Feeding each stallion as an individual is important. The stallion’s book (number of mares served during the breeding season), age, behavior, body condition, general health, handling routine, and level of free or forced exercise all impact how he should be fed.
Most people overestimate the energy requirements of stallions, and as a result, many stallions are overweight. Fat stallions have an increased risk for developing insulin resistance and laminitis. An overweight stallion has to work harder as he serves mares and may burn out if he has a heavy breeding schedule.
Stallions should not be too thin, however, and should enter the breeding season in a moderate to fleshy body condition of around 6 to 7 (3+ Aus). When a stallion is in this condition, his ribs will be palpable, though not visible as there will be a layer of fat over them.
A sound feeding program for stallions should be built around good-quality forage fed at a daily rate of 1-1.5% body weight. A fortified concentrate should be added to balance the ration. Most stallions can be maintained on performance horse feed or those designed for breeding horses. Stallions that need to gain weight and very active stallions may benefit from concentrates containing supplemental fat. A balancer pellet may be a better choice than grain for overweight stallions.
During the off-season, many nonworking stallions can be maintained almost entirely on good-quality hay or pasture plus a vitamin and mineral supplement. Fertility issues are often not nutrition-related, but optimum fertility can be supported by correct nutrition and targeted supplementation with specific vitamins, minerals, antioxidants, and omega-3 (long-chain) fatty acids.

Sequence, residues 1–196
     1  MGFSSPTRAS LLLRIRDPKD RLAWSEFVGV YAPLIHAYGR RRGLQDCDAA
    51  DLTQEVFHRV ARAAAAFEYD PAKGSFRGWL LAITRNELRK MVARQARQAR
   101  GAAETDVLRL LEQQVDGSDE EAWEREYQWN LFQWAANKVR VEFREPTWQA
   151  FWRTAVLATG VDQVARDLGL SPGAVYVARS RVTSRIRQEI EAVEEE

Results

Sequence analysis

Selenium is important for testicular function. It is a component of the antioxidant glutathione peroxidase, and is also required for testosterone production. Selenium has a relatively narrow range between the daily requirement and toxicity levels, with stallions requiring approximately 3 mg/d. Insufficient dietary selenium can lead to lower fertility because of poor chromatin condensation in the horse’s DNA.
The reproductive organs are susceptible to free-radical or oxidative damage because they contain large amounts of fatty acids in their cell membranes. Fertilization is highly dependent on membrane integrity, so healthy antioxidant defense is vital. Supplementation with natural-source vitamin E such as that found inNano-E has resulted in increased total sperm output, concentration, and motility in other species as well as reduced DNA fragmentation, according to Brown-Douglas.
Trace minerals are vital for male fertility. Zinc is important for testosterone production and secretion, spermatogenesis, and sperm motility. Copper is linked to libido and semen quality.
Semen contains a large amount of fatty acids, mainly omega-3s and omega-6s. These components are important in sperm motility, sensitivity to cold shock, and fertilization capacity. Stallions supplemented with the omega-3 fatty acids found in EO-3 have shown increases in total motility, progressive motility, and rapid motility of sperm. These changes were most evident in semen that had been cooled and stored for 48 hours. Other results were sperm concentrations that were almost doubled in supplemented stallions, and better sperm motility in frozen-thawed semen.
Autor: Brown-Douglas de Kentuky
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